Wednesday, May 29, 2013

Will the House of Representatives "Kill the Bill"?

May 29, 2013. While the Senate's comprehensive immigration bill has moved out of committee and begins the floor debate process, the House of Representatives is still hammering out details of their bill. Senator Majority Leader Harry Reid (D-NV) on Tuesday stated that passing an immigration reform bill would be "pretty easy". But he was likely referring to passage in the Senate with a 55 member Democrat majority. And as most Americans (hopefully) are aware, it takes three to tango in American politics: the House, the Senate, and the President. Just because the Senate may pass their own version of immigration reform by no means assures passage in the House, with Speaker John Boehner (R-OH) warning last Thursday that the Senate bill would not pass in the House. He went on to state that the House would have their own version of immigration reform designed to appeal to conservatives.

The House immigration bill would likely eliminate any proposed "path to citizenship" for the more than 11 million undocumented immigrants in the United States, and that alone would force backers of immigration reform, notably Democrats, against the House bill.

So essentially, it all boils down to this: if the Senate bill passes (with almost a guaranteed provision for a  pathway to citizenship), then it's up to Speaker Boehner to convince enough Republicans to vote in favor of it, which, according to current reports, is unlikely to happen. On the flip side, if the House bill is passed and does not, in all likelihood, include a viable pathway to citizenship, then once it reaches the Senate, the bill would essentially be "dead on arrival", with most of the 55 Democrats demanding a path to citizenship be included in any comprehensive immigration reform bill.

People often ask me if comprehensive immigration reform will pass. In my opinion, now, I just don't know. It looked promising a few months back with the "Bipartisan Gang of 8" hammering out their differences, but now it looks like comprehensive immigration reform has a major hurdle to overcome  with House Republicans.

If you have questions about this, or any other immigration matter, please visit or call 949-440-3240.

Wednesday, May 8, 2013

Amendments to Comprehensive Immigration Reform Could Sink Bill

May 8, 2013. More than 300 amendments to the "Gang of Eight's" bipartisan comprehensive immigration reform bill have been filed ahead of this past Tuesday's deadline. The Senate's Judicial Committee will begin considering and voting on the bill starting this Thursday, May 9. Senator Chuck Grassley (R-IA) led the Senate by proposing 77 amendments to the bill. Not to be outdone, plenty of Democrats also submitted their own amendments too. Some of the proposed changes include Senator Jeff Session's (R-AL) amendment to limit the number of immigrants gaining legal status under the bill and Senator Mike Lee's (R-UT) proposal to significantly increase the number of low-skilled workers allowed into the country on temporary visas.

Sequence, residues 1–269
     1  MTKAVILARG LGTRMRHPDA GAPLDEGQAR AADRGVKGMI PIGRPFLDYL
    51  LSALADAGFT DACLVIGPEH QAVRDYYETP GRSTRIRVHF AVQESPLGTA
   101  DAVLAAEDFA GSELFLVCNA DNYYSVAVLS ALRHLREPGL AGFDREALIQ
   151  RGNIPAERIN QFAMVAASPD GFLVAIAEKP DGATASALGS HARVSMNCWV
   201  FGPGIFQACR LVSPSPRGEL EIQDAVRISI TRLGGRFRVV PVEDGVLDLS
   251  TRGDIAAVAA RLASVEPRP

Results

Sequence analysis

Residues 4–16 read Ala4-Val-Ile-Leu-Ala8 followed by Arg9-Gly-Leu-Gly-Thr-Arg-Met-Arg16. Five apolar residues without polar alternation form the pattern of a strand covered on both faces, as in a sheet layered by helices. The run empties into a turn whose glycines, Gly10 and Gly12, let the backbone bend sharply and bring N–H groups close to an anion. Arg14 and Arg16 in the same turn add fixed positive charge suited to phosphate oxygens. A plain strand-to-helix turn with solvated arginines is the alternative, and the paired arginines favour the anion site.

The sheer number of amendments could possibly derail the fragile compromise reached by the bipartisan "Gang of Eight" in the Senate alone, notwithstanding the uncertain outcome in the House of Representatives (which too has promised a more stricter version of comprehensive immigration reform, but has yet to deliver).

Leading immigration advocates remain hopeful nonetheless that the bill will clear this hurdle, due in part to the "Gang of Eight's" influence in the Senate, public opinion, and pressure from the White House. The Judiciary Committee indeed is comprised of four of the eight senators who crafter the comprehensive immigration reform bill.

And while critics are quick to point the finger at Republicans for potentially derailing immigration reform, it is an amendment from Judiciary Committee Chairman Senator Patrick Leahy (D-VT) that quite possibly has the biggest potential to derail the bill. His proposal seeks to allow same-sex couples to petition for green cards for their foreign partner, much the way straight couples do. Already the Republican members of the "Gang of Eight" have threatened to derail the bill if gay couples are included in the comprehensive immigration reform bill. Said Dick Durbin (D-IL) about the same-sex couples provision "[w]e never discussed that. We never took a vote on it", criticizing his Democrat colleague's proposal.

I've said it quite often on this blog that immigration reform is by no means a certainty. We haven't even dealt with the House yet (perhaps the biggest challenge to immigration reform) and now find the bill in danger in the Senate. How this all plays out, one can only guess. For now though, if you have an immigration matter that requires a lawyer, please visit or call 949-440-3240.